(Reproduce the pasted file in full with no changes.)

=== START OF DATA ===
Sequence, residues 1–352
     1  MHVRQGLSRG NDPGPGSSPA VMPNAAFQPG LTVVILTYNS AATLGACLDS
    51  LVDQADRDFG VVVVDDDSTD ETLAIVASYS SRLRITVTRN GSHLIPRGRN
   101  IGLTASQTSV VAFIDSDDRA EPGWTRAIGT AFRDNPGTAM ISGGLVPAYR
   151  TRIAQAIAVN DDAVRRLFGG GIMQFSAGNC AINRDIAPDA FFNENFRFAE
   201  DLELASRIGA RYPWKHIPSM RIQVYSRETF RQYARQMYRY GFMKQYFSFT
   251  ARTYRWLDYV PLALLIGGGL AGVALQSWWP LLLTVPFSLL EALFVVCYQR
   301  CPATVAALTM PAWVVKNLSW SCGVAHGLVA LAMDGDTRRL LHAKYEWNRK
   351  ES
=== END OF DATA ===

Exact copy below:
Sequence, residues 1–352
     1  MHVRQGLSRG NDPGPGSSPA VMPNAAFQPG LTVVILTYNS AATLGACLDS
    51  LVDQADRDFG VVVVDDDSTD ETLAIVASYS SRLRITVTRN GSHLIPRGRN
   101  IGLTASQTSV VAFIDSDDRA EPGWTRAIGT AFRDNPGTAM ISGGLVPAYR
   151  TRIAQAIAVN DDAVRRLFGG GIMQFSAGNC AINRDIAPDA FFNENFRFAE
   201  DLELASRIGA RYPWKHIPSM RIQVYSRETF RQYARQMYRY GFMKQYFSFT
   251  ARTYRWLDYV PLALLIGGGL AGVALQSWWP LLLTVPFSLL EALFVVCYQR
   301  CPATVAALTM PAWVVKNLSW SCGVAHGLVA LAMDGDTRRL LHAKYEWNRK
   351  ES